The Pacific Resilience Fund, supported through the generosity of people like you, is directly available to South Pacific communities to invest in their resilience to climate change.
URGENT APPEAL – PPP has just issued an urgent fundraising appeal to help respond to COVID and Cyclone Harold. Read more and contribute HERE
The South Pacific region experiences among the highest frequency and severity of natural disasters in the world. This vulnerability continues to increase each year with the intensifying negative impacts of climate change. In 2007, the IPCC reported that the countries of the South Pacific are among the most vulnerable in the world to climate change.
Disaster response efforts aim to meet the life preservation and basic subsistence needs of people affected. This short term assistance in the aftermath of disasters is supported by long term climate adaptation strategies, which aim to limit harm during the inevitable impacts of climate change (i.e. storm surge barriers), as well as long term climate mitigation strategies, which aim to limit the degree of climate change (i.e. transitioning to clean energy).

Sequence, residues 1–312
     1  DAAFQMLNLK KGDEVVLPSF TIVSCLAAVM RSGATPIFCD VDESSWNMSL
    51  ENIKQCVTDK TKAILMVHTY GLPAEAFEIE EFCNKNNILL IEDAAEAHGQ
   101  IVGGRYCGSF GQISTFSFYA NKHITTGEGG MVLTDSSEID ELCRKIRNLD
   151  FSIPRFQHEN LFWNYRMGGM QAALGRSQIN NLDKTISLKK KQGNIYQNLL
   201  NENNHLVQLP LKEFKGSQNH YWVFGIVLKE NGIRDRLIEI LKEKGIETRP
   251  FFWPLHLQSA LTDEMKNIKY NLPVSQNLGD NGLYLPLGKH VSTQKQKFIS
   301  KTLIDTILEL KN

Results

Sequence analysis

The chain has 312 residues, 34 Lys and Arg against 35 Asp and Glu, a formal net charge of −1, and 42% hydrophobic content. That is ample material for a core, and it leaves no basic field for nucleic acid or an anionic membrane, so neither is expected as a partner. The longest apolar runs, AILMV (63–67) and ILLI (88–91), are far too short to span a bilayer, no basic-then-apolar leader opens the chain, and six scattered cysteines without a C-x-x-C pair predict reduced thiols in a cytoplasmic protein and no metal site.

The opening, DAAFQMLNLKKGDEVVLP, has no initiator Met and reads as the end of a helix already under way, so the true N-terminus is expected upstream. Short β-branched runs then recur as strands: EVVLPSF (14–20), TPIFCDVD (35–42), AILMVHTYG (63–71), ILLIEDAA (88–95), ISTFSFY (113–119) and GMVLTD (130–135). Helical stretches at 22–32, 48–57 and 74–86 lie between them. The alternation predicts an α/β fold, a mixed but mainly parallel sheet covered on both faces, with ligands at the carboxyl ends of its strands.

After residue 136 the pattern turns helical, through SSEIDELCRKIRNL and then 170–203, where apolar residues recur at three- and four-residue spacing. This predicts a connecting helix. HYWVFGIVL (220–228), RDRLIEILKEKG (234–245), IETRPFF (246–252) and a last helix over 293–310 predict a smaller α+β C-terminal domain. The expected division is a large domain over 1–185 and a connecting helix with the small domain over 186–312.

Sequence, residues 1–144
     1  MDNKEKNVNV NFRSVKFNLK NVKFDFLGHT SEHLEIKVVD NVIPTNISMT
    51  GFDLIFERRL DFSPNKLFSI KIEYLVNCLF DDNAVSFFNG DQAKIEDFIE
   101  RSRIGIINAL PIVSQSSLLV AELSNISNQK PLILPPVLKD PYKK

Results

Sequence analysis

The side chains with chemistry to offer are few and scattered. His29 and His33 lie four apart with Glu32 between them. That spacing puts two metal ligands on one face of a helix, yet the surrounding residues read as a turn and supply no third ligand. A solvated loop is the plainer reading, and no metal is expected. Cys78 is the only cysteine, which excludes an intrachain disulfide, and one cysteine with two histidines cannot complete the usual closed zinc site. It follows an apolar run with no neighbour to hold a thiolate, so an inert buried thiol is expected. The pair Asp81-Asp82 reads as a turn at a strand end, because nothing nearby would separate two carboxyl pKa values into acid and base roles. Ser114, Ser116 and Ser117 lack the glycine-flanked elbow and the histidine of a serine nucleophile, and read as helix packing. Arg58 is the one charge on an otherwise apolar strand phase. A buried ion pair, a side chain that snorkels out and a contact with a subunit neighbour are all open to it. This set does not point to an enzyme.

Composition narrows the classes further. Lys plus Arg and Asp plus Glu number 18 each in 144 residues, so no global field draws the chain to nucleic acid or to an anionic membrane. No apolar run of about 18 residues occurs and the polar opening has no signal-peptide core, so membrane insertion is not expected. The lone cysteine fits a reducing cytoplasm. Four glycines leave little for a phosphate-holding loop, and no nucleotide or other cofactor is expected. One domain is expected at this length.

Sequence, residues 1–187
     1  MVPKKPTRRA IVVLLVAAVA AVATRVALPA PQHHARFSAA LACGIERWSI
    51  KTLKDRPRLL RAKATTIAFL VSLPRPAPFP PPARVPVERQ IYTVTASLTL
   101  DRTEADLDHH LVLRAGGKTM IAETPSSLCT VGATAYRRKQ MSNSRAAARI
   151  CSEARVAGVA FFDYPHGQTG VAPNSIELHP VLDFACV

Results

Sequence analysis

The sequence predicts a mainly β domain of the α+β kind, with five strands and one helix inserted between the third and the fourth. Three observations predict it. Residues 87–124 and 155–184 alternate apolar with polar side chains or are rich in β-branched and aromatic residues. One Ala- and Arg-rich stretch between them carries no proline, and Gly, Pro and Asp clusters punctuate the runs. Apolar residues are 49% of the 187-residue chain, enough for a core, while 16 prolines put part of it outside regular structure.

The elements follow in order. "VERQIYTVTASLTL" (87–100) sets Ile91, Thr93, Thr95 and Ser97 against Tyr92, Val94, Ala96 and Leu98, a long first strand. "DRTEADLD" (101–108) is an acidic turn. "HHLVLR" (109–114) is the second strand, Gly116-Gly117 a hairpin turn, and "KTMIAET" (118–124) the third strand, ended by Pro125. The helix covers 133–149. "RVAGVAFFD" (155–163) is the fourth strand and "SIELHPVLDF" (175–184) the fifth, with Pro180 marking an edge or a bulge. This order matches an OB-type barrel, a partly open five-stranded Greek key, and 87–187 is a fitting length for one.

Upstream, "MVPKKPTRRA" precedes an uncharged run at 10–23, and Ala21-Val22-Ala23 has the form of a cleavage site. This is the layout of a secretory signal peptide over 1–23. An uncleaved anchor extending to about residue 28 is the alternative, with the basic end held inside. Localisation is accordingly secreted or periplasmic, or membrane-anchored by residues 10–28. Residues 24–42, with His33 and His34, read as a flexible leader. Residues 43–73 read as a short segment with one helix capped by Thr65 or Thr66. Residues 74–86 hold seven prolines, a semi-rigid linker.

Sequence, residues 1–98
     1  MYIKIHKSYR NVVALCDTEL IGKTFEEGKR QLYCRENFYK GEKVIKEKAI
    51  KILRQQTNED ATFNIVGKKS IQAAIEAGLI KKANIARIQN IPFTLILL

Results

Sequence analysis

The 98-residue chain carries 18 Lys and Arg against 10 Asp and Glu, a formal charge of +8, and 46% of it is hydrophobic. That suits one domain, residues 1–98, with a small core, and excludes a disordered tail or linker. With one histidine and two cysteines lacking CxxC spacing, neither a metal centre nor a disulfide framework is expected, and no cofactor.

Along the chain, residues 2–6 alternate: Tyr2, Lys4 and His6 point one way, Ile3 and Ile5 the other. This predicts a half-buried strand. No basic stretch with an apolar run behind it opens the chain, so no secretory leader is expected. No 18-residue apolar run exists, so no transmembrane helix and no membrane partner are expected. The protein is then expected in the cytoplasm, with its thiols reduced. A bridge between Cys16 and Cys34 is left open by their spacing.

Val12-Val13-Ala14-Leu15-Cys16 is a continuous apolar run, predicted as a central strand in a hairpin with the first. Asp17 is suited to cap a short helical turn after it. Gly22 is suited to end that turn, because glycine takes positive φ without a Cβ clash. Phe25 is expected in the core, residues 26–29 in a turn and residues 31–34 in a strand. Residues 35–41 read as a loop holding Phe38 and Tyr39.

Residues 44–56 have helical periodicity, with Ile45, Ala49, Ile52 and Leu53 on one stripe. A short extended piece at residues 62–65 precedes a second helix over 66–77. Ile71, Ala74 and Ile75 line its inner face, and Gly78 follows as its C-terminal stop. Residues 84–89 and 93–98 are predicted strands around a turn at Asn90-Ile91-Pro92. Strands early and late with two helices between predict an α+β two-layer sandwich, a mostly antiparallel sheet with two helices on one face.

International support for small-medium scale community initiatives in the South Pacific are lacking. Inspired by the effects of disasters on their own family and friends in the South Pacific, Pacific Peoples’ Partnership endeavored to create a small and responsive fund called the ‘Pacific Resilience Fund’. Communities can apply directly to the fund to finance small-medium scale initiatives that increase the social, cultural and physical resilience of their community to the impacts of climate change.
Your generous donations towards the Pacific Resilience Fund have allowed Loreto School in Levuka, Fiji to build stronger and modernized school buildings, Wan Smol Bag in Port Vila, Vanuatu to reconfigure existing buildings into disaster evacuation spaces (and create new spaces for youth arts programming in the process), and the Erromango Cultural Association in Erromango, Vanuatu to increase food security during disasters by training community members in traditional food preservation methods.